As was brought out in my questioning of R. Burau, I spent one year as a post-doctoral fellow at Harvard University studying the reaction between ferrous iron and oxygen. I asked Dr. Burau if he was familiar with the expression

d Fe(II) = - k(FeII)(O2)(OH-)2
d t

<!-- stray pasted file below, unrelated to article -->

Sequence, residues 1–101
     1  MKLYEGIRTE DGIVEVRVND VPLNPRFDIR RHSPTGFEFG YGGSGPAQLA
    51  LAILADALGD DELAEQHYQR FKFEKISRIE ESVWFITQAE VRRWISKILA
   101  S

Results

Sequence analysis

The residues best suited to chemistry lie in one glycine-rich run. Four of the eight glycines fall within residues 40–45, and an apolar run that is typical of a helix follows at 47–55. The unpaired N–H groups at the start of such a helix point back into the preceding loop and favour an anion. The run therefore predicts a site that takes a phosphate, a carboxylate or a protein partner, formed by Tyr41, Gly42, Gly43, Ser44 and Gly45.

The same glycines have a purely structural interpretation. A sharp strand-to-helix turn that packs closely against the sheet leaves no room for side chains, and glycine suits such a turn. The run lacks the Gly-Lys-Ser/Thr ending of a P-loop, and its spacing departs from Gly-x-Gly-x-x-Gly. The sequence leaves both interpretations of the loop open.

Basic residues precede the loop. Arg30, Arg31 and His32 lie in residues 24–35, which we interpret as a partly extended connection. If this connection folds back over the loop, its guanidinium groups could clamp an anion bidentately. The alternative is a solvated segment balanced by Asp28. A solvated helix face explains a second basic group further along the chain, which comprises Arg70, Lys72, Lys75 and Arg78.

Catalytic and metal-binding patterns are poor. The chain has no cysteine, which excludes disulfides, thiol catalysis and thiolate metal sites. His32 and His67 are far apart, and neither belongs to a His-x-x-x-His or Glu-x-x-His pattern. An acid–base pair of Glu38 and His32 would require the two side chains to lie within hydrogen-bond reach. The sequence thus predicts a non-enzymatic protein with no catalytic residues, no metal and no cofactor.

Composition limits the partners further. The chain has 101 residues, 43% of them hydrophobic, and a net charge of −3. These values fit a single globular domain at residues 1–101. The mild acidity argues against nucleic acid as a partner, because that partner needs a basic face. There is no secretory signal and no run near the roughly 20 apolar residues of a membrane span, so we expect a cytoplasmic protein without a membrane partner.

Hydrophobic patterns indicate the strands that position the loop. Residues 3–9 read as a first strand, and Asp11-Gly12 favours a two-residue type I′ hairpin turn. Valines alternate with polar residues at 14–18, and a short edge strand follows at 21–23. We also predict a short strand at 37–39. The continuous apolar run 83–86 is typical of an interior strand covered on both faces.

He recognized this is a rate expression for the reaction between ferrous iron and dissolved oxygen. He did not, however, discuss the fact that the rate of this reaction is highly pH dependent where small changes in pH greatly influence the rate. If R. Burau had been familiar with this expression, he would have known that his example of kinetic control of a reaction is exactly the point I have been making with the Board. While Burau characterizes this reaction as "slow," if he had properly investigated this issue, he would have found that at the Putah Creek water pH values this reaction is virtually instantaneous. While the reaction can be slow in a low pH groundwater or swamp water, in the areas of concern, with respect to most environmental conditions of pH values greater than 7.5, this reaction is quite rapid. While a swamp water groundwater could have a pH between 6.0 and 6.5 where the reaction would take hours to a day as Dr. Burau described, in Putah Creek waters with pHs of 8.0 to 9.0, the reaction is over 1,000 times more rapid than the conditions that he chose to describe to the Board. Further, if he had been familiar with the topic he was discussing, he would have known there are a wide variety of chemical constituents in natural waters which significantly accelerate (catalyze) this reaction. Basically, R. Burau provided unreliable information on this reaction to the Board and, in fact, provided information which strongly supports my position that site-specific conditions must be considered in evaluating whether sufficient chromium in UCD's proposed discharge of leachate polluted groundwaters to Putah Creek at a concentration of up 50 g/L could be converted to Cr VI to cause aquatic life toxicity in the Creek downstream of the discharge.